In the Leeds United case, the football club had entered administration. The administrators did not wish to terminate the players’ contracts, as they would lose the club’s most valuable assets – the players could move to another club without any compensation or transfer fee being paid. However, if the contracts were adopted, the club might subsequently incur substantial liabilities if the players were not paid. Accordingly, the administrators sought to defer all or part of the remuneration payable to the players until they could be sure that all or part of the deferred remuneration could be paid – either as an expense of the administration or by a purchaser under the Transfer of Undertakings Regulations, which would apply on a sale of the club’s business to another company.

The administrators applied to court for a declaration on whether compensation for any future wrongful dismissal claims would:

  • have the ‘super priority’ afforded ?? by paragraph 99 of Schedule B1 to the Insolvency Act 1986 (Schedule B1); or, if not
  • count as necessary disbursements for the purpose of rule 2.67(1)(f) of the Insolvency Rules 1986 (the Rules).

The decision

The paragraph 99 issue – damages for wrongful dismissal not wages Pumfrey J provided a useful summary of how paragraph 99 of Schedule B1 works. Paragraph 99(4) provides that a sum payable in respect of a debt or liability arising out of a contract entered into by the administrator has priority to the administrator’s remuneration and expenses and to any floating charge holder – ie such amounts have super priority. Paragraph 99(5) applies sub-paragraph (4) to any liability arising under an adopted employment contract. However, the effect of paragraph 99(5)(c) is to reduce the width of that provision to payments of ‘wages or salary’ alone. That term is broadened to include the matters listed in sub-paragraph (6), although that paragraph does not contain a definition of ‘wages or salary’. The issue to be decided was whether, in addition to the matters specified in paragraph 99(6), the phrase ‘wages or salary’ included sums payable in respect of damages for wrongful dismissal. Pumfrey J held that it did not.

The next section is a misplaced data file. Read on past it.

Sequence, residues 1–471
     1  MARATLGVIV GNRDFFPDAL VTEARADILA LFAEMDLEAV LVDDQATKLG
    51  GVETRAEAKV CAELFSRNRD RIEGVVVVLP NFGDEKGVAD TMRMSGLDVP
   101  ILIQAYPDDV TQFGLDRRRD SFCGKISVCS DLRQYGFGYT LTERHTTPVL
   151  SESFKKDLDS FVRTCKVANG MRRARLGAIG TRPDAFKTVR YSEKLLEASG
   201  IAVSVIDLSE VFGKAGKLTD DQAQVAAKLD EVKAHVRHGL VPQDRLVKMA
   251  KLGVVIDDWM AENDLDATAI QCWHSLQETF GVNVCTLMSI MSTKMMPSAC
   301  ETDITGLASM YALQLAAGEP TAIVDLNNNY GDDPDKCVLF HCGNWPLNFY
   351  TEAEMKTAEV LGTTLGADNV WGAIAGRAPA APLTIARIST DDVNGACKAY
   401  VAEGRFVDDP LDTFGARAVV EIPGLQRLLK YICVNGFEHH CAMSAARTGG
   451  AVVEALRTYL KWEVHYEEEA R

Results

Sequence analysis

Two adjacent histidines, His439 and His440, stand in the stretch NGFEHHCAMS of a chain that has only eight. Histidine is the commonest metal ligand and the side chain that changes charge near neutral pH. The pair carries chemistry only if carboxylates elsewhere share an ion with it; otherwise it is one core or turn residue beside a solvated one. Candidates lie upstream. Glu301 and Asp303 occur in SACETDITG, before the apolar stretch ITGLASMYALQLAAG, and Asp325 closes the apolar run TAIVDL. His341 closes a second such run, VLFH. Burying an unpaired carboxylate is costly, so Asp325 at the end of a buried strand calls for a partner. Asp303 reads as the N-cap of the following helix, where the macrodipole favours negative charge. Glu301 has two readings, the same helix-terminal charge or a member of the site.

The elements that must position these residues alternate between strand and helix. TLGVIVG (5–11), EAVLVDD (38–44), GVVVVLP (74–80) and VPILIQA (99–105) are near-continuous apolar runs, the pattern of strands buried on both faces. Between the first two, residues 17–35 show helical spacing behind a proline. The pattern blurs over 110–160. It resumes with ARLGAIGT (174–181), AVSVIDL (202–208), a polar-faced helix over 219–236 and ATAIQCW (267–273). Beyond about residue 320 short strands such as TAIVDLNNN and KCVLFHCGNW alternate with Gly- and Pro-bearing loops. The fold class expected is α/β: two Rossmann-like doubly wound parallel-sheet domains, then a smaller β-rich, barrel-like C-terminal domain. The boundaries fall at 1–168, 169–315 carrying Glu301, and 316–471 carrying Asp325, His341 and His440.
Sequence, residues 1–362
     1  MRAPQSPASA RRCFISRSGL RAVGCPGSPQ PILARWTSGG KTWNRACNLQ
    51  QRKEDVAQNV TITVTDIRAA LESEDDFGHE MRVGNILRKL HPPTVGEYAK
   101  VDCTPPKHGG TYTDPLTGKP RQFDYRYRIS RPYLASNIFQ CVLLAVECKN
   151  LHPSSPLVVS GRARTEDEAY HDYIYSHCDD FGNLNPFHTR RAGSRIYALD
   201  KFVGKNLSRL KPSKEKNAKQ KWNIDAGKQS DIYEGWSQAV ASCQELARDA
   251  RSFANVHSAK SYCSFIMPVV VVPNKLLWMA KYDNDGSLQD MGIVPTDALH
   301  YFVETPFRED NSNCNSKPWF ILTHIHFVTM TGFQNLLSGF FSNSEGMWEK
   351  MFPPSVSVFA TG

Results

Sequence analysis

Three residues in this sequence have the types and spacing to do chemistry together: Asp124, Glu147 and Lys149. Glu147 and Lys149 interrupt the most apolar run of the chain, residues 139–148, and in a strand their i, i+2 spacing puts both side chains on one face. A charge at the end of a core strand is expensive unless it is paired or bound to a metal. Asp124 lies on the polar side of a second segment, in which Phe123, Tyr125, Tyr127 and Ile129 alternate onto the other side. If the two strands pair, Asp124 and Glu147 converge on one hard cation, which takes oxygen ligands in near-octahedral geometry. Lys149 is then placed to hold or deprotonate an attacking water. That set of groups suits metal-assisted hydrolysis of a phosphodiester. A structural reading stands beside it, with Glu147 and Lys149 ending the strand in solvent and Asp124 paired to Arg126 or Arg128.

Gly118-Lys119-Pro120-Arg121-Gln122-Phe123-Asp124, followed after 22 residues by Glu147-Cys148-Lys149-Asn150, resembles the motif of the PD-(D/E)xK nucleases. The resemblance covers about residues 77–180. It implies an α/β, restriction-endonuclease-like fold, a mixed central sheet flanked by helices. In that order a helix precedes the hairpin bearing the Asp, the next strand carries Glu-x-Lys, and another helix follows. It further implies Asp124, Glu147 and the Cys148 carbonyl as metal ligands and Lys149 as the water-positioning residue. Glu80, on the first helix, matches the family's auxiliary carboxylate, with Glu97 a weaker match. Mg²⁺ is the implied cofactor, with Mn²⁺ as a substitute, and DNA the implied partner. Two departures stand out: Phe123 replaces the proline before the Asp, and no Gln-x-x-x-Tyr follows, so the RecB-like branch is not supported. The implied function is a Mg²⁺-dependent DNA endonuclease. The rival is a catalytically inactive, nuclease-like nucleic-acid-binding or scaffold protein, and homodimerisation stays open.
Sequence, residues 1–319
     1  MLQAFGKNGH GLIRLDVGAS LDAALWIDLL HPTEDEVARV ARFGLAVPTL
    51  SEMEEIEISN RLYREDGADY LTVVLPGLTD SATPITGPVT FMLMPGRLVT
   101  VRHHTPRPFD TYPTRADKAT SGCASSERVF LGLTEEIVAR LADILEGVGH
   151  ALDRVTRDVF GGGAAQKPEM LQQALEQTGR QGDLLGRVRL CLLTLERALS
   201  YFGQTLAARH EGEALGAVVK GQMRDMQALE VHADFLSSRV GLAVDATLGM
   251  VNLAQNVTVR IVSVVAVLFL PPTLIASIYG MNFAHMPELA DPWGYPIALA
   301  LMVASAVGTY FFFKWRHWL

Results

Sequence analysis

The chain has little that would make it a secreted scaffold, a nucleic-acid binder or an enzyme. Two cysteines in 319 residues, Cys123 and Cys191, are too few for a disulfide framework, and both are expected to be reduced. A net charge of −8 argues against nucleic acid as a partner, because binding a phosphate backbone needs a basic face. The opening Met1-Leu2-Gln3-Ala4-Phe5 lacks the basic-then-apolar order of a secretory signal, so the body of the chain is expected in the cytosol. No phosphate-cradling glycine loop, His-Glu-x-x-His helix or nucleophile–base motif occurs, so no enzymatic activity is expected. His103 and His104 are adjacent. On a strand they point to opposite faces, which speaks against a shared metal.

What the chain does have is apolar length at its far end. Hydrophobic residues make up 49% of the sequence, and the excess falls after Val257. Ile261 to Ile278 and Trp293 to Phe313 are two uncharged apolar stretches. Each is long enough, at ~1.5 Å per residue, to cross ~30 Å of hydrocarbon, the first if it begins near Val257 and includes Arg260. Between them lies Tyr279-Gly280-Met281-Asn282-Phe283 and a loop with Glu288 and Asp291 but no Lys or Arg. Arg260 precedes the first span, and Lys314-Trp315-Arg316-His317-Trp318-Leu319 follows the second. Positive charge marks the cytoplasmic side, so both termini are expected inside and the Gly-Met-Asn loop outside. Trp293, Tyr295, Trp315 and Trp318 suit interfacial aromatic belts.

Pumfrey J determined that the words ‘wages or salary’ are to be given their normal meaning and cited the House of Lords decision in Delaney v Staples, dealing with the then Wages Act. This case held that for a payment to constitute wages in its ordinary meaning it should be ‘referable to an obligation on the employee under a subsisting contract of employment to render his services’. Lord Browne-Wilkinson then identified four types of wages in lieu of notice, the fourth of which was concerned with payments made in breach of contract. According to the House of Lords (approving another House of Lords case, Gothard v Mirror Group Newspapers Ltd), such payments were designed by the employer to extinguish any claim for damages for breach of contract – ie wrongful dismissal – and during the period to which the money in lieu relates, a person is not employed by his employer. As such, they could not be wages.